Tattooing Is Protected|Speech, 9th Circuit Rules

     (CN) – Hermosa Beach, Calif., can’t ban tattoo parlors, the 9th Circuit ruled, because tattooing is a “purely expressive activity” protected by the First Amendment.

     In a federal lawsuit, tattoo shop owner Johnny Anderson claimed the city’s ban on tattoo parlors violated his constitutional rights.
     Anderson, who already co-owns a tattoo parlor in another part of Los Angeles County, wanted to open an additional shop in Hermosa Beach.
     The city argued that the ban was reasonable because tattooing, if done in unsanitary conditions, can contribute to the spread of HIV, hepatitis, syphilis and other diseases.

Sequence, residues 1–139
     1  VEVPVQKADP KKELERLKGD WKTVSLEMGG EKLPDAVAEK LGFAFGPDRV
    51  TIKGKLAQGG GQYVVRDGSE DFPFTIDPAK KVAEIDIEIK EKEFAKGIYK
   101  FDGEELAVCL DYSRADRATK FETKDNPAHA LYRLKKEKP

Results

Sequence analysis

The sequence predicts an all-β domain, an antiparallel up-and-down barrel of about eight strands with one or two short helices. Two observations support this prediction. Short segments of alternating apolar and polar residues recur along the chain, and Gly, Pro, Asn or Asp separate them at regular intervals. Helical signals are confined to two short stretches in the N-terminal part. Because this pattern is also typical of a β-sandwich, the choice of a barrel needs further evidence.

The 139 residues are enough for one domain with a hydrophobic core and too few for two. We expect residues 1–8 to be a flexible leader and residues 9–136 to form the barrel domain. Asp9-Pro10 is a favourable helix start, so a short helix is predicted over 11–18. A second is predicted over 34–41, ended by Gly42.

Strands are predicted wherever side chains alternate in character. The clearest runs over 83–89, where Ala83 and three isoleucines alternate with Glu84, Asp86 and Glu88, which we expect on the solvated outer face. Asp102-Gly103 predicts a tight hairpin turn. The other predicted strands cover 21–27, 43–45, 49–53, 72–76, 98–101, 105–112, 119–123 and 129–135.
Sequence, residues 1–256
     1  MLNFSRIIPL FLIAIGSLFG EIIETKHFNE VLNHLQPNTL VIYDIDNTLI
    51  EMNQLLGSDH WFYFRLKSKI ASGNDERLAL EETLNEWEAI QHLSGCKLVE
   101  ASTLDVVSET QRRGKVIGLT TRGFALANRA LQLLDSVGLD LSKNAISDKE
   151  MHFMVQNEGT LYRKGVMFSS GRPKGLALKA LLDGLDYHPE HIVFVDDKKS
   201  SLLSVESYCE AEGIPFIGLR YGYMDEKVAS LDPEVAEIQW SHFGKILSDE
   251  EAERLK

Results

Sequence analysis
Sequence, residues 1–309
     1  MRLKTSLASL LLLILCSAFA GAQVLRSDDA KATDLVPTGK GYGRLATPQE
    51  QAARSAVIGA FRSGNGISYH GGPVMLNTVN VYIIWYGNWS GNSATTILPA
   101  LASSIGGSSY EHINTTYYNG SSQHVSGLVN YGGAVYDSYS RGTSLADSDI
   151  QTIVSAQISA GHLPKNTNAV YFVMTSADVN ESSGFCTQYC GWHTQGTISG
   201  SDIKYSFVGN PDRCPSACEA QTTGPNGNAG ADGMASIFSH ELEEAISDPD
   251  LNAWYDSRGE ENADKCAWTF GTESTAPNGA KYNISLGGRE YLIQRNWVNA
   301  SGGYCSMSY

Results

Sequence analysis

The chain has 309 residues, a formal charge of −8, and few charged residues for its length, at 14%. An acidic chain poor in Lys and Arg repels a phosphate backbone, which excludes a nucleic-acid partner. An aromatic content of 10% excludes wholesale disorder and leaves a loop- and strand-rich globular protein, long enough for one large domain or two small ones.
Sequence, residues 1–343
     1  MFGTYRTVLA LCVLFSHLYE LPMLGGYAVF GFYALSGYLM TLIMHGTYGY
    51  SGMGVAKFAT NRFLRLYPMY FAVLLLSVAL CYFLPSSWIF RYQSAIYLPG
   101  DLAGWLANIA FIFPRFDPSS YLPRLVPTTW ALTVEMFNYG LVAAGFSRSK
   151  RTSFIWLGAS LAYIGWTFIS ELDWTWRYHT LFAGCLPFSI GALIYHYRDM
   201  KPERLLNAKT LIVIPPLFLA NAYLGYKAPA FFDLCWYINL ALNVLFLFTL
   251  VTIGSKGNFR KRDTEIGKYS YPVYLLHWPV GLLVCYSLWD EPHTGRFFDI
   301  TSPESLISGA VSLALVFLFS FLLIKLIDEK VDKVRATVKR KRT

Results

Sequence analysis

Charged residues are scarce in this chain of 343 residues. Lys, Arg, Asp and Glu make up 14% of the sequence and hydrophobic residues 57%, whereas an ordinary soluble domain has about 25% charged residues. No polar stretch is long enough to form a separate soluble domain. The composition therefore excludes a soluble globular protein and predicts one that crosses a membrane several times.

Hermosa Beach also argued that it has only one inspector to regulate as many as 850 tattooists.
     The district court upheld the ban, explaining that although tattoos are a type of non-verbal expression, they do not qualify for First Amendment protection.
      On appeal, a three-judge panel for the 9th Circuit reversed, ruling that tattooing is purely expressive activity that’s considered protected speech.
     “In sum, we hold that the tattoo itself, the process of tattooing, and the business of tattooing are forms of pure expression fully protected by the First Amendment,” Judge Jay Bybee wrote for the Pasadena-based panel.

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